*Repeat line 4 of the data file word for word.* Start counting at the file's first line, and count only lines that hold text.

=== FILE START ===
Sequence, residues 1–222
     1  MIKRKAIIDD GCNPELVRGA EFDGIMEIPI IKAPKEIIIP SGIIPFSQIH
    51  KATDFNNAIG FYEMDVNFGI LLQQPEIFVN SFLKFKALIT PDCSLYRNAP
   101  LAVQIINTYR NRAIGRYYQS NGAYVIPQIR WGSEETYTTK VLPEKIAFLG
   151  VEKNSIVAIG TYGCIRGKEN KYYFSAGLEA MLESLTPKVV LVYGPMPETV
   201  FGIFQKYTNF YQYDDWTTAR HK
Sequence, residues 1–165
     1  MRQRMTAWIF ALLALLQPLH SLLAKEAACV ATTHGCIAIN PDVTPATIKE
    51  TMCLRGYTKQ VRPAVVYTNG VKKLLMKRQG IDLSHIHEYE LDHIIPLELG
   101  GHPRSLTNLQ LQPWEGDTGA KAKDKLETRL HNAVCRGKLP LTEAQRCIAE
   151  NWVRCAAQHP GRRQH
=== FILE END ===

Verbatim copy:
   101  LAVQIINTYR NRAIGRYYQS NGAYVIPQIR WGSEETYTTK VLPEKIAFLG